DS: European Union — Cost Adjustment Methodologies and Certain Anti-Dumping Measures on Imports from Russia

This summary has been prepared by the Secretariat under its own responsibility. The summary is for general information only and is not intended to affect the rights and obligations of Members.


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Summary of the dispute to date

The summary below was up-to-date at


Complaint by the Russian Federation. (See also DS494)

On 23 December 2013, the Russian Federation requested consultations with the European Union regarding “cost adjustment” methodologies used by the EU for the calculation of dumping margins in anti-dumping investigations and reviews, including: (a) the rejection of cost and price information of producers and exporters in the country of origin, including data on energy inputs as part of the manufacturing costs; (b) the rejection of prices of sales of “like products” in the country of origin in “particular market situations”; (c) the effect of such rejection of cost and price data on the determination of dumping margins and injury caused by dumped imports, as well as on the imposition, continuation and collection of anti-dumping duties; and, (d) the use of anti‑dumping duties as a specific action against alleged governmental subsidies.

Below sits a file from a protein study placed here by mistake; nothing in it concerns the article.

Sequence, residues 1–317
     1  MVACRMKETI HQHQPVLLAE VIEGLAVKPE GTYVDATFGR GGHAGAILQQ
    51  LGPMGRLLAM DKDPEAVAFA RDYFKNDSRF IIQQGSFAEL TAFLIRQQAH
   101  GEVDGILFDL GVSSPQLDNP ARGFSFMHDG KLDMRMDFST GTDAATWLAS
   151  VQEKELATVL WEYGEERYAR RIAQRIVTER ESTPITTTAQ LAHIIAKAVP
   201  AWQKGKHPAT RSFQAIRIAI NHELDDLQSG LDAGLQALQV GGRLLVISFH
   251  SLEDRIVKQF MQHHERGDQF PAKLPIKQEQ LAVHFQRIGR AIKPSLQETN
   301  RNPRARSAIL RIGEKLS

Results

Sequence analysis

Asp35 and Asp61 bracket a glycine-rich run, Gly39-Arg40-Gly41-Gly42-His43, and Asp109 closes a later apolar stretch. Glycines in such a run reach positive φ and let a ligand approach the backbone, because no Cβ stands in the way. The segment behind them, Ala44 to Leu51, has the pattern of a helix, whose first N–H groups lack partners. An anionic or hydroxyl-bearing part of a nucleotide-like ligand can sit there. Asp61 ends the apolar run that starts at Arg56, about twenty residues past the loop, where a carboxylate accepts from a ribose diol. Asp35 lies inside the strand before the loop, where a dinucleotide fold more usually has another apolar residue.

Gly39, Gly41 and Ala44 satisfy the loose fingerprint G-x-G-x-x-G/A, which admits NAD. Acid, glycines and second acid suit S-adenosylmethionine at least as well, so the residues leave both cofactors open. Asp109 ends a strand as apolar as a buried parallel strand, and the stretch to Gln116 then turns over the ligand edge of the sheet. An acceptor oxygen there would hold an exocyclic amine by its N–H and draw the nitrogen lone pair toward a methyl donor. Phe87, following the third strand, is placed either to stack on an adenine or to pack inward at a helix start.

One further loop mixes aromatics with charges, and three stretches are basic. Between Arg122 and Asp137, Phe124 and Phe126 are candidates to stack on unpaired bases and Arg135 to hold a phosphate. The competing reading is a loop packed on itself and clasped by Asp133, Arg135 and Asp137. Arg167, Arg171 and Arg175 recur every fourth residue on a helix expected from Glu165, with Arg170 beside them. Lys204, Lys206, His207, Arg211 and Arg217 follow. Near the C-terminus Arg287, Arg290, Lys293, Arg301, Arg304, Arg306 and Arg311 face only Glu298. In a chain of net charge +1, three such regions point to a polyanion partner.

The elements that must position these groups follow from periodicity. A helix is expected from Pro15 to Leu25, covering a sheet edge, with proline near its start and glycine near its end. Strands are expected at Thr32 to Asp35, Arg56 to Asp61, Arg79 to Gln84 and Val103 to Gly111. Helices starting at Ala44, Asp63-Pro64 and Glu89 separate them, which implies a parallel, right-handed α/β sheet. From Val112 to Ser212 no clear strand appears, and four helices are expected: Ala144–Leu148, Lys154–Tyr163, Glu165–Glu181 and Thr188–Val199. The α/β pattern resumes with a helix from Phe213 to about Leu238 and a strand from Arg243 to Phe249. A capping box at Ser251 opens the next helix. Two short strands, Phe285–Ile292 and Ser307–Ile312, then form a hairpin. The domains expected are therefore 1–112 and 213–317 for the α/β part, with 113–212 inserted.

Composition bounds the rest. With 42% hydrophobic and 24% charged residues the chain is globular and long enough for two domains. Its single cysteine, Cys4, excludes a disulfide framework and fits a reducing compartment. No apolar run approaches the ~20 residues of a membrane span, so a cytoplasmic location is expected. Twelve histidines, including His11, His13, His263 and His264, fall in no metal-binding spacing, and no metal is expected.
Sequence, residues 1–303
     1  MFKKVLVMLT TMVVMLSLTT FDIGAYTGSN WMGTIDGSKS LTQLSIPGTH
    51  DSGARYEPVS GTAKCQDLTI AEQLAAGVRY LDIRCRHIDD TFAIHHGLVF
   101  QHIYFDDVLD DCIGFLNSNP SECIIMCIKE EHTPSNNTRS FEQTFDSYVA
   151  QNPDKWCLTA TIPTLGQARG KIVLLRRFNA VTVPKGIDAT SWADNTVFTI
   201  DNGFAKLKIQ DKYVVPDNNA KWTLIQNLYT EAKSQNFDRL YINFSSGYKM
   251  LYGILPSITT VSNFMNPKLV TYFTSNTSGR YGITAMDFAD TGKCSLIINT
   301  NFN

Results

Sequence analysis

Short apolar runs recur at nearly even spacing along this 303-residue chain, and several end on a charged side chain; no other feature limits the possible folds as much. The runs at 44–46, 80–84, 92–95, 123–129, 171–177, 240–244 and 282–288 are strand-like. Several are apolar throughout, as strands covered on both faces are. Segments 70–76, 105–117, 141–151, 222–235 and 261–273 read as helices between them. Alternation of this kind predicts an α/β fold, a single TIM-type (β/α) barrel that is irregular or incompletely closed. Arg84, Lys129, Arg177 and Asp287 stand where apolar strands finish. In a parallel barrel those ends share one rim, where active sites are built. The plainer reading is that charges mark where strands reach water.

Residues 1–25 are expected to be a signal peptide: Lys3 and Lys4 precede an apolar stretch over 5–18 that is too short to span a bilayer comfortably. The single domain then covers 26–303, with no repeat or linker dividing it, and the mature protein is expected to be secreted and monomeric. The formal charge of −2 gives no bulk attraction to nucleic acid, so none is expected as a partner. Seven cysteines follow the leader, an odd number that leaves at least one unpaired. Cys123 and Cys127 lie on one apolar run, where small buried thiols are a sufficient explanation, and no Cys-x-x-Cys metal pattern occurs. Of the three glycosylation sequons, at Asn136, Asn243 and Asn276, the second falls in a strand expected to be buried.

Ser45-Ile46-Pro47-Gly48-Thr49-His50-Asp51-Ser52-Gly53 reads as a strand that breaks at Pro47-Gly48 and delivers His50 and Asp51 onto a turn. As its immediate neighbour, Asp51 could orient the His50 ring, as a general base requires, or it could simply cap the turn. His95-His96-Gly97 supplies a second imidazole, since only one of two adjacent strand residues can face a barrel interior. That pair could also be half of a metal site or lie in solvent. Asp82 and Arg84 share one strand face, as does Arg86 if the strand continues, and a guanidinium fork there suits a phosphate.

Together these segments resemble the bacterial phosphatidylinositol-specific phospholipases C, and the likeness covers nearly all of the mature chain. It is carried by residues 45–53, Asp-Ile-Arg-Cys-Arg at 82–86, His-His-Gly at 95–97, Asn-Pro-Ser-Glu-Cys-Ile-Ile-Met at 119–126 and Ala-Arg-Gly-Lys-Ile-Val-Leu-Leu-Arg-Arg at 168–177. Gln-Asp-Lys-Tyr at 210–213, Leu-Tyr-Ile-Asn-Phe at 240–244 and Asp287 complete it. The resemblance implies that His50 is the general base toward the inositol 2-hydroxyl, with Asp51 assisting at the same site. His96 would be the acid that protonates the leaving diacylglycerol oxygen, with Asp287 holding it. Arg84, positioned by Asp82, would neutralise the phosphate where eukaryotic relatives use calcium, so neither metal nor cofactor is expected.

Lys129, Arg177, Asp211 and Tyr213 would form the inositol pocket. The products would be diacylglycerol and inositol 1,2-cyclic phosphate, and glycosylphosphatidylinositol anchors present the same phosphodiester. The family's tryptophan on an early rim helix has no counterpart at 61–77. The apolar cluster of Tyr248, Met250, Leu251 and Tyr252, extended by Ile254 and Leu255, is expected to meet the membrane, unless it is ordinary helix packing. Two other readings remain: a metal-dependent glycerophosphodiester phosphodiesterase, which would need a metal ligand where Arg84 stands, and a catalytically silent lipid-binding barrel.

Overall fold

The Russian Federation claims that the measures are inconsistent with:

  • Articles 2.1, 2.2, 2.2.1,, 2.2.2, 2.4, 3.1, 3.2, 3.4, 3.5, 5.8, 6.8, 9.2, 9.3, 11.1, 11.2, 11.3, 18.1 and 18.4, and Annex II, of the Anti‑Dumping Agreement;
  • Articles 10 and 32.1 of the SCM Agreement;
  • Articles I and VI of the GATT 1994; and
  • Article XVI:4 of the WTO Agreement.

On 14 January 2014, China requested to join the consultations. On 16 January 2014, Indonesia requested to join the consultations. On 4 June 2014, the Russian Federation requested the establishment of a panel. At its meeting on 18 June 2014, the DSB deferred the establishment of a panel.


Panel and Appellate Body proceedings

At its meeting on 22 July 2014, the DSB established a panel. Argentina, Australia, Canada, China, Indonesia, Norway, Turkey, Ukraine and the United States reserved their third-party rights. Subsequently, Brazil, Mexico, Saudi Arabia and Viet Nam reserved their third-party rights.




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